My earliest memory of a theme park is The Enchanted Village in Federal Way, Washington State. It was a magical experience to a kid who’s typical ride experience was the Ferris Wheel at the county fair. I can remember walking down a path towards the Scrambler, riding on a mini roller coaster and walking through a fairy tale forest.
Of course, these are the memories of a mini me. In 2023 the Enchanted Village doesn’t quite exist as I remember it. Lets take a walk down the path of some theme park history.
The Enchanted Village
Byron Betts opened the Enchanted Village in 1977. Before deciding to build this $800,000 theme park, he operated the Point Defiance Park merry-go-round. The park was built on 12 acres (48.5 square meters) of land and opened with the following eight rides:
- Bumper Cars
- Ferris Wheel
- Enchanted Railway
- Red Baron
- Kiddie Boats
In 1984, the park expanded and put in a water park. The name changed from The Enchanted Village to Enchanted Parks at this point.
The parks would go through a series of changes over the years. New rides and slides would be added, at times guests could buy tickets for only the water park or the dry theme park. In 2000 Six Flags bought shares of the park, however, the park wouldn’t ever end up on the official Six Flags roster.
By 2016, with even more sales, acquisitions and changing hands, the parks would be renamed to Wild Waves Theme & Water Park. To date (as of 2023), this is still the name of the park.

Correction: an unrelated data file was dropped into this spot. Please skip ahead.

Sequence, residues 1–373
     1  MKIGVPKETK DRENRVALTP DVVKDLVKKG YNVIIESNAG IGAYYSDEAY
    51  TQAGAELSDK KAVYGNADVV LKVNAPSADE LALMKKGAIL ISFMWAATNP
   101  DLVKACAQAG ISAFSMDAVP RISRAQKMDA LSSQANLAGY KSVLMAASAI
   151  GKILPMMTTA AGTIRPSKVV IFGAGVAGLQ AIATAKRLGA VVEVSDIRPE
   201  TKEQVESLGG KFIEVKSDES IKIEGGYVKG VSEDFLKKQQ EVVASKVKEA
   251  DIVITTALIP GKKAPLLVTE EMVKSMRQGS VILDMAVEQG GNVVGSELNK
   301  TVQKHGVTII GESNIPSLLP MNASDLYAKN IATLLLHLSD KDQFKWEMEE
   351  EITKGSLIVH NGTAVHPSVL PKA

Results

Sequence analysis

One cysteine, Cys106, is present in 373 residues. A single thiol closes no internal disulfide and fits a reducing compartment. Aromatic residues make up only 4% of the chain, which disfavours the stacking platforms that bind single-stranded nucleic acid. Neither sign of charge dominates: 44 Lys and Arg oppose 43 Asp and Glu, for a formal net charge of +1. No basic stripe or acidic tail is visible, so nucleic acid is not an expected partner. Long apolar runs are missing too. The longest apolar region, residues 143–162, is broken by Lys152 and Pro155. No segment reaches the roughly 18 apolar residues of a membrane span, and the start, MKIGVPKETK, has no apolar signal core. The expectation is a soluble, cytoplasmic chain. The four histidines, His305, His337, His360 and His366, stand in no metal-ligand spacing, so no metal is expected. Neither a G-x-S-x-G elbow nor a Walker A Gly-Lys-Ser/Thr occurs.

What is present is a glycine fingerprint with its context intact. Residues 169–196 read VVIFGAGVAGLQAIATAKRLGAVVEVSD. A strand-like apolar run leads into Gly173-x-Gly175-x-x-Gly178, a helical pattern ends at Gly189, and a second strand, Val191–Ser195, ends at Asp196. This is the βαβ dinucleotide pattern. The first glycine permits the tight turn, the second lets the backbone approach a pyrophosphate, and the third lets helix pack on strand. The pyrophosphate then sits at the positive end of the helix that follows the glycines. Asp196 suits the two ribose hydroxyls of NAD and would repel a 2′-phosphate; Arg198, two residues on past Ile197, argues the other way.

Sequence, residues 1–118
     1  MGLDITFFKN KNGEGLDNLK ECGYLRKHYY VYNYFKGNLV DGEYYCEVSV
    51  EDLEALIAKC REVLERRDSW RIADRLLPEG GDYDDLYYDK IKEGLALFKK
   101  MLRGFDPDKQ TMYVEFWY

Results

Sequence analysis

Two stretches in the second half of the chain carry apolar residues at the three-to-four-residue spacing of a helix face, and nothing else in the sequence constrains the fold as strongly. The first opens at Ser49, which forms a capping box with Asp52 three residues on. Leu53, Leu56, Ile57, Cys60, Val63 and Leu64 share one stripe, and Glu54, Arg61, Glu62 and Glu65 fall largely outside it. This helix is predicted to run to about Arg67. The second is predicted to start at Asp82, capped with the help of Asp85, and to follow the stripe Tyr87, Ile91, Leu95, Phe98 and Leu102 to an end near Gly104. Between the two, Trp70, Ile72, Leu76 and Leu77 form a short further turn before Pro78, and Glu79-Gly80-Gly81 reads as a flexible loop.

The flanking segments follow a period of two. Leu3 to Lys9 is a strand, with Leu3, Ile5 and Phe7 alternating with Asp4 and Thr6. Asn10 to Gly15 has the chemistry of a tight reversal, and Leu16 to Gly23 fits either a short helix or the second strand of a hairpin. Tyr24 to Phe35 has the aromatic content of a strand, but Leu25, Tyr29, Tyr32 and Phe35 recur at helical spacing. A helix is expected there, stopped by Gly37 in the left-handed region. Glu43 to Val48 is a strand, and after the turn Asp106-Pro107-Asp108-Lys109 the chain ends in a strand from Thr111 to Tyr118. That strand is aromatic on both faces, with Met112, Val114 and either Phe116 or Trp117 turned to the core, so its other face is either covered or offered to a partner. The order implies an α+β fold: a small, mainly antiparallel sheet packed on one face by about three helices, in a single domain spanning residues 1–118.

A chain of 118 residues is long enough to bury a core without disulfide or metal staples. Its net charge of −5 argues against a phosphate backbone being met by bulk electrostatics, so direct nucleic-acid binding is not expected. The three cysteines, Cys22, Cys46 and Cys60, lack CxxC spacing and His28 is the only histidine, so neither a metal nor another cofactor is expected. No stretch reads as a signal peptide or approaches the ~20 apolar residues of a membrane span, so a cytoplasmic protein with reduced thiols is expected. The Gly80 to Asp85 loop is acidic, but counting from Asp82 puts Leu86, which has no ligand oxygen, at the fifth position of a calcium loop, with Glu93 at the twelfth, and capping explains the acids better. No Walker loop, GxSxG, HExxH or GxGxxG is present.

The Enchanted Village in the 1980s
I’ve got to say, trying to find anything online about Enchanted Village is nearly impossible so we’re going to go with a first hand account. Please remember that these memories are from the little me, someone who was between 4 and 10 years old.
The thing that I remember most vividly about Enchanted Village is the storybook forest. I found a vlogger by the name of The Disneyland Beat who went to the Enchanted Village in 2022. In their Enchanted Village video, they mention that they could see some remnants of a storybook forest.
So I’m pretty sure I’m not misremembering Humpty Dumpty or Little Red Riding Hood. Unfortunately, my family wasn’t ever really big on taking photos on vacations or special moments like visiting this theme park. So I don’t have anything of my own.
The only ride I have a really vivid memory of going on was the Scrambler. I absolutely loved this thing and I’m pretty sure my mother was glad when I got to the age where I could ride it alone. There was also a kiddy roller coaster that I faintly remember riding as well.
I remember when the water park was added. My mother, who used the Enchanted Village as a school shopping bribe, was not a water park person. We had a water park in the middle of a desert city in South Eastern Washington State that I only got to go to a few times. So every year I got to go to Enchanted Village after the water park was opened, I begged my mom to go.
It was 1986 or 87 when my mom finally gave in. This was my very first experience with a wave pool and I loved it. There were only a few slides that I was allowed to go on, so I spent a majority of time with mom in the wave pool.
I don’t remember when my last time at Enchanted Village was. It was likely somewhere in the late 80s because the tickets to the park became more expensive.
A Theme Park with a Lost Past
It’s kind of sad that nobody has really recorded the early history of Enchanted Village. There are literally no pictures of the storybook forest or the early rides. I was able to find an obituary of the founder, Byron Betts, in the digital archives of The Seattle Times.
I guess a lost past is the fate of a small, little known theme park in the United States. It makes me wonder how many other states had parks that kind of just faded out of memory?